ESPN’s 30 for 30 on O.J. Simpson is worth watching | Point of Review

The brutal murders of Nicole Brown Simpson and Ron Goldman took place seven days after my 5th birthday. My desire to learn more about the trial of Simpson started with the 10 episode FX show "The People v. O.J. Simpson: American Crime Story" and peaked with ESPN's 30 for 30 documentary "O.J.: Made in America."

The brutal murders of Nicole Brown Simpson and Ron Goldman took place seven days after my 5th birthday.

Only recently have I become interested in the “Trial of the Century;” The People of the State of California v. Orenthal James Simpson. I can’t remember when I first heard about him and the murders but I didn’t grow up knowing him as the football star he was. I connected his name with the Bronco chase and the trial, as many others did.

My desire to learn more about the trial of Simpson started with the 10 episode FX show “The People v. O.J. Simpson: American Crime Story” and peaked with ESPN’s 30 for 30 documentary “O.J.: Made in America.”

My review this month will focus on the ESPN documentary and reasons why I think it’s worth your time to turn on your TV and watch all seven and a half hours, even if you watched the trial unfold over its 252 day period.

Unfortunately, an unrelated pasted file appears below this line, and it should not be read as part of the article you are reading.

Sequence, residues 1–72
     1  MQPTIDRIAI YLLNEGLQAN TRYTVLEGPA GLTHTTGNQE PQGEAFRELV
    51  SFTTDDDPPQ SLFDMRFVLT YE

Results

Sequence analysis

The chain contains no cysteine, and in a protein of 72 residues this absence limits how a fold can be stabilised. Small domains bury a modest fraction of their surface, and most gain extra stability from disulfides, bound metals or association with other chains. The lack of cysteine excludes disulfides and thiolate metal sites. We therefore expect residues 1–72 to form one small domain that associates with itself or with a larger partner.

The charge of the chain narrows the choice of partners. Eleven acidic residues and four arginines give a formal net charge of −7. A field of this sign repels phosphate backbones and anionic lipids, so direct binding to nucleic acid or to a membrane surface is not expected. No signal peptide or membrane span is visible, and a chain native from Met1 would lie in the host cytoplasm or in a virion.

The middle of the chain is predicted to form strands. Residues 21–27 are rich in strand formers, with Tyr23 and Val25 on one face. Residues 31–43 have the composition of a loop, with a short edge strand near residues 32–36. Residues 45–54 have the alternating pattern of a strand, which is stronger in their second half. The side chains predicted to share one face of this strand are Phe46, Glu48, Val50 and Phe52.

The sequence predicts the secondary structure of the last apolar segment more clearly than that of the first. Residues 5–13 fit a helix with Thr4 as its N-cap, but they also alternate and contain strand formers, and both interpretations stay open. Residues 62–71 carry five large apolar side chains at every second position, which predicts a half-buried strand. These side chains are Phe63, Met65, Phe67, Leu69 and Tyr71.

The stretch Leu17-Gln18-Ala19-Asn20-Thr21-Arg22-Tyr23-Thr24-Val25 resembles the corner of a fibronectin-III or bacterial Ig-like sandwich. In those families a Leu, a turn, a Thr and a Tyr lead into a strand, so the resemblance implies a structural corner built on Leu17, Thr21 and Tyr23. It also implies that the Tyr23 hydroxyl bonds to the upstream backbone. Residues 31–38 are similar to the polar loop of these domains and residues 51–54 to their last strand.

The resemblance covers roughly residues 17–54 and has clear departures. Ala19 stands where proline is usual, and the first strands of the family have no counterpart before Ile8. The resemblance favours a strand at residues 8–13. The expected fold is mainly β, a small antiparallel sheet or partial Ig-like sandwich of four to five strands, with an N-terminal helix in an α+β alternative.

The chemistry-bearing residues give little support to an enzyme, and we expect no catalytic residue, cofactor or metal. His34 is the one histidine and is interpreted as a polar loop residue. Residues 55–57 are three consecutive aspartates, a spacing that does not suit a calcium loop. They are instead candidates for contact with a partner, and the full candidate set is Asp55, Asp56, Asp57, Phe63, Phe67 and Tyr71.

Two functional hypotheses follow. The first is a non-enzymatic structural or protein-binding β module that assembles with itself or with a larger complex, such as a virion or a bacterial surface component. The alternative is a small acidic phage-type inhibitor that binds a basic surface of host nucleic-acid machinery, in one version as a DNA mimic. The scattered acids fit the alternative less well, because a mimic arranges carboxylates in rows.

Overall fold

Race issues then and now

This documentary not only opened my eyes to details surrounding the murders and trial but also to broader issues still relevant today.

Although these murders took place more than 20 years ago, the issues of race and conflict between urban and suburban neighborhoods that were happening when Simpson was growing up, attending the University of Southern California and as a grown adult are similar issues we see now in 2016.

Young viewers, like myself, not knowing much about the murder trial going into watching this series will learn just how much Simpson distanced himself from the African American community once he became a star.

The documentary touched on a number of times where it was clear he didn’t see himself as a person of color, he saw himself as a great football player and business man.

Harry Edwards, best known for co-organizing the “Revolt of the Black Athlete” in the late 1960s, attempted to recruit Simpson to join other well-known African American athletes to protest racial inequality.

Simpson didn’t want to be a part of that and Edwards said in the documentary, Simpson’s response was “I’m not black; I’m O.J.”